How important is the UK internal market to Scotland?
Latest data on intra-UK trade show that Scotland exported goods and services valued at £51.2 billion in 2018. This represented 60% of all Scottish exports of goods and services in 2018.
Over half of the value of Scottish exports to the rest of the UK was accounted for by trade in services (£29.6 billion). Of the trade in services, around a third (£10.5 billion) was financial and insurance activities.
The value of the UK internal market to Scotland has remained relatively stable in real terms over the last decade, with growth in international export markets outstripping growth in exports to the rest of the UK. However, as highlighted above, despite the stronger growth in international export markets, the rest of the UK remains Scotland’s largest export market in value terms.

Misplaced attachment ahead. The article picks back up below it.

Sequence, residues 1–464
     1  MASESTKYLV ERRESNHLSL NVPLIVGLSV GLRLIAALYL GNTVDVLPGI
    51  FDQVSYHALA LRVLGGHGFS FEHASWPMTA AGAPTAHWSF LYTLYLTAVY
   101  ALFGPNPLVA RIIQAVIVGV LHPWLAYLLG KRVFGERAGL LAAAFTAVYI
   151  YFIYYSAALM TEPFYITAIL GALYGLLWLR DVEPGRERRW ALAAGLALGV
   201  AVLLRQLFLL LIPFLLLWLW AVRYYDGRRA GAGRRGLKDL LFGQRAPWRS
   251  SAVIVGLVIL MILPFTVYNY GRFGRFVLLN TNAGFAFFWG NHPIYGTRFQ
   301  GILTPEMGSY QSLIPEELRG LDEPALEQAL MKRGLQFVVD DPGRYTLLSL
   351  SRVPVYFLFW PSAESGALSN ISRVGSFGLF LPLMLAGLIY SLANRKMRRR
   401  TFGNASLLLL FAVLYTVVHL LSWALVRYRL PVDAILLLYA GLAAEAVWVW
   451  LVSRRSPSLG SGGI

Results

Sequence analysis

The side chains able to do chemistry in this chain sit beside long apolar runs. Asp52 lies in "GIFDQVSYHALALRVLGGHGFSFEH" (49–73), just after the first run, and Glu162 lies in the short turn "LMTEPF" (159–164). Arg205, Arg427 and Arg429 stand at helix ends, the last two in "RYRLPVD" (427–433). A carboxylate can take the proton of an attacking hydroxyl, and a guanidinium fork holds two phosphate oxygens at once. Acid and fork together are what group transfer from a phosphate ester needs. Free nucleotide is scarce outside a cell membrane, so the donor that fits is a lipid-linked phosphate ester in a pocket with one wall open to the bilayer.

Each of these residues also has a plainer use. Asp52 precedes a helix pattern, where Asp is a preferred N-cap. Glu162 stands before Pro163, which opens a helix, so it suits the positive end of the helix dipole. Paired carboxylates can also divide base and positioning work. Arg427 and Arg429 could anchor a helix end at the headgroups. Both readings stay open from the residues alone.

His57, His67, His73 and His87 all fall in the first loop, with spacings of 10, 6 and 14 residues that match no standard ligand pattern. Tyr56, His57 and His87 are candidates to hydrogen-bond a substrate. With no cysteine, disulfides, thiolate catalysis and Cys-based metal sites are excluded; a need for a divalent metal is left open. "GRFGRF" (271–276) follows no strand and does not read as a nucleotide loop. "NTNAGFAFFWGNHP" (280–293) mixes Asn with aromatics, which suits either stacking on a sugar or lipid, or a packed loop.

What do we know about the UK Government’s internal market proposals?
The UK Government’s White Paper does not provide detail in a number of areas. For example, arrangements for independent bodies responsible for monitoring, oversight and dispute resolution are not defined.
However, the UK Government does make clear its intention to capture in legislation two broad principles: the principle of mutual recognition, and the principle of non-discrimination. These are collectively referred to by the UK Government as the ‘Market Access Commitment’ and both principles feature in the EU single market. The White Paper describes these as follows: